Outside editorial: Price of gas doesn't justify ANWR drilling

Posted: Wednesday, March 23, 2005

The following editorial appeared in Monday's Milwaukee Journal:

The dumbest argument in favor of drilling for oil in the Arctic National Wildlife Refuge is that gas prices are too high. The simple fact is that opening up the refuge won't change prices by one penny.

For one thing, oil companies won't be able to extract any oil for at least 10 years after construction begins. So the price at your pump won't drop next week because the Senate voted last week to include a drilling measure in the budget.

More important, even when the modest amount of oil in the refuge becomes available in 10 years, prices will see no significant change because the price of crude is determined by a world market driven by spiraling demand in places like China and India, not by how much crude is being supplied from a corner of Alaska.

Senators who use the gas-price argument to justify their vote in favor of drilling are simply pulling a fast one on their constituents. But their scam doesn't stop with that argument.

The worst way to approve drilling in the refuge is to tuck it into a budget bill so that the opposition has less of a chance to raise serious questions and the public has less chance to hear the answers.

It's true that Arctic drilling has been debated long and loud for years, but that only means that opening up the refuge deserves a separate full vote by both houses of Congress.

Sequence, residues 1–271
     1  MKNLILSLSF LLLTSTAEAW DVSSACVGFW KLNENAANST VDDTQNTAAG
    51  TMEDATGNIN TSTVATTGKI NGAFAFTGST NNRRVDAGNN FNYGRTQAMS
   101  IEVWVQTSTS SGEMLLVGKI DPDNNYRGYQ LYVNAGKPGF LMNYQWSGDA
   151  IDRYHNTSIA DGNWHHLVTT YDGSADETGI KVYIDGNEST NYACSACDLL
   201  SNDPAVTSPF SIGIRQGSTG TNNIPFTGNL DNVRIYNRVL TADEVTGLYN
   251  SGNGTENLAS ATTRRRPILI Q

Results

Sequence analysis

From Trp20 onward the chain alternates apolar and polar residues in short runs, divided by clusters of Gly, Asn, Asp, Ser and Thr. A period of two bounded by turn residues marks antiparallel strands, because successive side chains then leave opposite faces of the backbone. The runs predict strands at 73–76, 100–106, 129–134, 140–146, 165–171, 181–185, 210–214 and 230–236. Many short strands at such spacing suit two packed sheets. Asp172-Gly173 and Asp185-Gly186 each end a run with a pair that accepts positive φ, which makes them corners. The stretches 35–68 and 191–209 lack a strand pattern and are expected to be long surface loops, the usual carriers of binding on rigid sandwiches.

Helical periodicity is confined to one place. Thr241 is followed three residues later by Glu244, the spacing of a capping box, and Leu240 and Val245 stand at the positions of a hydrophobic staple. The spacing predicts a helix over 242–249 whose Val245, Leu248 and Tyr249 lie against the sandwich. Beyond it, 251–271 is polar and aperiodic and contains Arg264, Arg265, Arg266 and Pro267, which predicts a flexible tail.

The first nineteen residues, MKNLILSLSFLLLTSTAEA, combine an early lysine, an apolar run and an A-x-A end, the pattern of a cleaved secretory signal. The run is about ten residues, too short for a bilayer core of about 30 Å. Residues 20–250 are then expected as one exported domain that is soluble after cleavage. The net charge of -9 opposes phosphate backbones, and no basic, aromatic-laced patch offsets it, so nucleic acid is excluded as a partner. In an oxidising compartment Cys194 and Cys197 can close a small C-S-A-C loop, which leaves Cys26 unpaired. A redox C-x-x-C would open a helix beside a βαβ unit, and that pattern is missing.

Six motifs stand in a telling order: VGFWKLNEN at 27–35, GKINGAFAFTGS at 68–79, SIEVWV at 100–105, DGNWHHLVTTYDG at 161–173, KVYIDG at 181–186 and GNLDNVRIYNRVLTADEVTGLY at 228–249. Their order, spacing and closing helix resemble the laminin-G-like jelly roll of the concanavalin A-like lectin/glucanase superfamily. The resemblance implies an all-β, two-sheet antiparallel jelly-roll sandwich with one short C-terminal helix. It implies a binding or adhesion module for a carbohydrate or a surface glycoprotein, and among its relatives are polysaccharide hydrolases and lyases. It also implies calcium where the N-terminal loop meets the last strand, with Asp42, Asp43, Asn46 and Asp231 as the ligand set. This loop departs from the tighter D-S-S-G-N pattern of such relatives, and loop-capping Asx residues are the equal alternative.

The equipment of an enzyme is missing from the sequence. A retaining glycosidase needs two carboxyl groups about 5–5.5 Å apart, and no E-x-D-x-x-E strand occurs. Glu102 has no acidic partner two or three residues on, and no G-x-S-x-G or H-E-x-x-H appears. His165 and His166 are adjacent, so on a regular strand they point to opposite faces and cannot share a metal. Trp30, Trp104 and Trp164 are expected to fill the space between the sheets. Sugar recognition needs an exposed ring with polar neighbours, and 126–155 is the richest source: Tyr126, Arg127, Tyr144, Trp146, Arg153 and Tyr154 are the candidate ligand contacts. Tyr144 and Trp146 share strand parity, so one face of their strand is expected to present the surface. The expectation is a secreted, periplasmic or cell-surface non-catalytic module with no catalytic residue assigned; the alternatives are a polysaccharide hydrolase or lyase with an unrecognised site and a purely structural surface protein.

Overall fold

To their credit, both Wisconsin senators - Democrats Russ Feingold and Herb Kohl - voted against opening the refuge by voting for an amendment that would have stripped drilling revenue from the budget resolution. To the Senate's discredit, not enough of their colleagues joined them.

Critics of drilling say they will continue their fight as the budget resolution moves forward through both houses and a conference committee that will resolve differences between the House and Senate versions of the budget.

They should. Drilling in the refuge would be difficult, expensive and unnecessary. Even some oil companies seem to be losing interest in the place and are looking for more accessible and cheaper places to drill.

The best reason to drill in the refuge is that it could reduce, however modestly, U.S. dependence on foreign oil. That's a worthy goal. But dependence could be far more significantly reduced by cutting back on our consumption of oil and finding alternative sources of power.

As it turns out, that's also the best way to reduce gas prices. Consumers who want to cut back on how much they're paying to fill up their tanks will do what consumers have always done: They'll buy less gas.

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